Journal of Korean Neurosurgical Society

Enhanced efficacy of human brain-derived neural stem cells by transplantation of cell aggregates in a rat model of Parkinson's disease.

PMID 25535514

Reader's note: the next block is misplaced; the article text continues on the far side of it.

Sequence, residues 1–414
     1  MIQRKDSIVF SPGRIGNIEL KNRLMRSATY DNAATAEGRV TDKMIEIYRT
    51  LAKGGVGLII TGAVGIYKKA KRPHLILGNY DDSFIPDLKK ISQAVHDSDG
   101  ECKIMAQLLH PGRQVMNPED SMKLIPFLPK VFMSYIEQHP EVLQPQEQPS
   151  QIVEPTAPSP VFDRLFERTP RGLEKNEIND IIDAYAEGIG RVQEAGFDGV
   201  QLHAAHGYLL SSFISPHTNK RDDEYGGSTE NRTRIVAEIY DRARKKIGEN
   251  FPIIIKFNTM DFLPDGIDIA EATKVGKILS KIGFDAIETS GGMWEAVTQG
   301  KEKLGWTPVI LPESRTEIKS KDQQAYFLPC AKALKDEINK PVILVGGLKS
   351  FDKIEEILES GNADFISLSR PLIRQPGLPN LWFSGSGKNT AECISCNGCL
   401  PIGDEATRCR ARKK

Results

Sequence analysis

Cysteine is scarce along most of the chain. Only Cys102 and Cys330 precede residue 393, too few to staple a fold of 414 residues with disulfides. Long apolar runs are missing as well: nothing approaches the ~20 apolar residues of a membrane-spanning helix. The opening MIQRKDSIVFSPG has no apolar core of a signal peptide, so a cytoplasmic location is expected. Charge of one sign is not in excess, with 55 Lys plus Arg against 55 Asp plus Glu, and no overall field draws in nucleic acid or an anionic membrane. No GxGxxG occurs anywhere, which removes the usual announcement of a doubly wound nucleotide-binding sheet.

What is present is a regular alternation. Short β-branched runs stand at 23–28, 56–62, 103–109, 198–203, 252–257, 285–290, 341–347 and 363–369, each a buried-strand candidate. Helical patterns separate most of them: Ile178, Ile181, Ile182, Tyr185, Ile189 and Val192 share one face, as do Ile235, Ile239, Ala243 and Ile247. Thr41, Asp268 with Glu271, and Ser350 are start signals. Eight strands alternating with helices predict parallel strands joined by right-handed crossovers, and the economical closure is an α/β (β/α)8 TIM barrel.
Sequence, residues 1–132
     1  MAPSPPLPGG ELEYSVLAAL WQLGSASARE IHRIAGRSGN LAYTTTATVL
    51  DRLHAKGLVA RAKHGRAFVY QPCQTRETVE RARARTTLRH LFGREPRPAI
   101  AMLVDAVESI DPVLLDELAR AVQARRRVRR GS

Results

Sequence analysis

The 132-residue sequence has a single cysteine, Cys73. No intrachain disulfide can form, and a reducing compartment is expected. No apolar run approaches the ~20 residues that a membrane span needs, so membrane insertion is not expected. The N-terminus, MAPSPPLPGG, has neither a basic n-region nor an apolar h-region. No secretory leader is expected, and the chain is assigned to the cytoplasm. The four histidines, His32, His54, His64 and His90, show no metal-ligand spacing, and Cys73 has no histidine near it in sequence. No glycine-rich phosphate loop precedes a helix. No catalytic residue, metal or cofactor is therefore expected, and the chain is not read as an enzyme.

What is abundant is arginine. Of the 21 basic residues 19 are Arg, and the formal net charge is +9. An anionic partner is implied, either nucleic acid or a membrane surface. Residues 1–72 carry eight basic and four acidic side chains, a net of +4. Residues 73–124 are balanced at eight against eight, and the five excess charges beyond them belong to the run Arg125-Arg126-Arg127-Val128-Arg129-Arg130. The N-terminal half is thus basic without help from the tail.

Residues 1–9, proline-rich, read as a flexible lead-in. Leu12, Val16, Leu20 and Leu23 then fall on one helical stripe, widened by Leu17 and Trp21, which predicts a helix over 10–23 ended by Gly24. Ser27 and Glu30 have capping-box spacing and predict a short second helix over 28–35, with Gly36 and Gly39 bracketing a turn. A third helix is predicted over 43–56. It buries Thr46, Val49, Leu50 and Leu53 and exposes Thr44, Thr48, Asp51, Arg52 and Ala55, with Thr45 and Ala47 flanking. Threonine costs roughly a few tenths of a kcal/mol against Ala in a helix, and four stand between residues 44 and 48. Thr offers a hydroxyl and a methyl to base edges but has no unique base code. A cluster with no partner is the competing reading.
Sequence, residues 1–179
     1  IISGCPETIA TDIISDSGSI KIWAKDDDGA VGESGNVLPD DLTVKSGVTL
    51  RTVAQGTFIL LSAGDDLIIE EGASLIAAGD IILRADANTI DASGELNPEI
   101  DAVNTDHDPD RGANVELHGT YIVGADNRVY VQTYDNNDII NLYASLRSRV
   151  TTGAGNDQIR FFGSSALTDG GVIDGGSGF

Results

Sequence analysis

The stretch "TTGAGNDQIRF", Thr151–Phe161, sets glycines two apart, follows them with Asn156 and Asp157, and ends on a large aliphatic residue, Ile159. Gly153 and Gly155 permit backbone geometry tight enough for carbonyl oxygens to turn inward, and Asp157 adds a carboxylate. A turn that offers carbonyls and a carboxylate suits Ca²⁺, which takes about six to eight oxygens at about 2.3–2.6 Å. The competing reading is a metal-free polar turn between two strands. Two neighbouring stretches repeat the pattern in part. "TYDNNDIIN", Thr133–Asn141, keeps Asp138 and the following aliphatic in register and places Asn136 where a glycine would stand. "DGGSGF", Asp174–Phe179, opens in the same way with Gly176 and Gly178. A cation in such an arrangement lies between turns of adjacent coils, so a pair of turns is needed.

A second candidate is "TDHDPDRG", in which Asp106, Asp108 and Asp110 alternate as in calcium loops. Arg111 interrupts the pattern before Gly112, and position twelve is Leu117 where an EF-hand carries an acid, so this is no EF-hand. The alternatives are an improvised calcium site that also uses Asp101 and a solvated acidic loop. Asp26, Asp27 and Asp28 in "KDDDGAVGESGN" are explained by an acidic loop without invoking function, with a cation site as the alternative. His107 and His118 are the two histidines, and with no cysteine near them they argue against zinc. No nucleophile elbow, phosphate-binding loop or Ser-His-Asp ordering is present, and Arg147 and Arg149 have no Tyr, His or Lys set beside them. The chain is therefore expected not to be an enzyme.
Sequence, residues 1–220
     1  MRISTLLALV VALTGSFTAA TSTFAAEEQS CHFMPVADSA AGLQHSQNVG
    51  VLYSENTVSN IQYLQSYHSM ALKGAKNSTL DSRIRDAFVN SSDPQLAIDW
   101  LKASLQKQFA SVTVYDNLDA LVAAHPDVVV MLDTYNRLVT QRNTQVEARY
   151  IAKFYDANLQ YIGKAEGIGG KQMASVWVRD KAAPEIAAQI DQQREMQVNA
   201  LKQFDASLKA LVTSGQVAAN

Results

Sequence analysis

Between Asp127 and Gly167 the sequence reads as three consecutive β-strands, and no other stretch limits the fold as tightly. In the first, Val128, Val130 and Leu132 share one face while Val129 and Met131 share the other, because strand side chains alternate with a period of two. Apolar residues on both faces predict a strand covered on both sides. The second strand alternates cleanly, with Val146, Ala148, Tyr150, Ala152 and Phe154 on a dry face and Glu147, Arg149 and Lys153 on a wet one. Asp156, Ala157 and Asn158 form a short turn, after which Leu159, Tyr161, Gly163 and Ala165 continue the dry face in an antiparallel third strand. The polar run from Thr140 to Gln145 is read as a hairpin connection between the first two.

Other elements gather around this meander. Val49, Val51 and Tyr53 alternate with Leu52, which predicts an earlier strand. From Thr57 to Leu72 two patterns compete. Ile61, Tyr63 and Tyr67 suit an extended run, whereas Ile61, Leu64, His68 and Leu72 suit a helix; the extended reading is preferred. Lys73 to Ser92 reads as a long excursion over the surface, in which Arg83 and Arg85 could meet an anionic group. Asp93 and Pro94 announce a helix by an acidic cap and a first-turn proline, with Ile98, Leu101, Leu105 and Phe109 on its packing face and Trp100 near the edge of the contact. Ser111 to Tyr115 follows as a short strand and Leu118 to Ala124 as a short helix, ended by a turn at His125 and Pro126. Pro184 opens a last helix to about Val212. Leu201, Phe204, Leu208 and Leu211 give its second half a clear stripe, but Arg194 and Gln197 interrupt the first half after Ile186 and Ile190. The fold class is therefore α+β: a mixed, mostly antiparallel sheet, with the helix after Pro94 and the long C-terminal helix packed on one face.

Neural tissue transplantation has been a promising strategy for the treatment of Parkinson's disease (PD). However, transplantation has the disadvantages of low-cell survival and/or development of dyskinesia. Transplantation of cell aggregates has the potential to overcome these problems, because the cells can extend their axons into the host brain and establish synaptic connections with host neurons. In this present study, aggregates of human brain-derived neural stem cells (HB-NSC) were transplanted into a PD animal model and compared to previous report on transplantation of single-cell suspensions. Rats received an injection of 6-OHDA into the right medial forebrain bundle to generate the PD model and followed by injections of PBS only, or HB-NSC aggregates in PBS into the ipsilateral striatum. Behavioral tests, multitracer (2-deoxy-2-[(18)F]-fluoro-D-glucose ([(18)F]-FDG) and [(18)F]-N-(3-fluoropropyl)-2-carbomethoxy-3-(4-iodophenyl)nortropane ([(18)F]-FP-CIT) microPET scans, as well as immunohistochemical (IHC) and immunofluorescent (IF) staining were conducted to evaluate the results. The stepping test showed significant improvement of contralateral forelimb control in the HB-NSC group from 6-10 weeks compared to the control group (p<0.05). [(18)F]-FP-CIT microPET at 10 weeks posttransplantation demonstrated a significant increase in uptake in the HB-NSC group compared to pretransplantation (p<0.05). In IHC and IF staining, tyrosine hydroxylase and human β2 microglobulin (a human cell marker) positive cells were visualized at the transplant site. These results suggest that the HB-NSC aggregates can survive in the striatum and exert therapeutic effects in a PD model by secreting dopamine.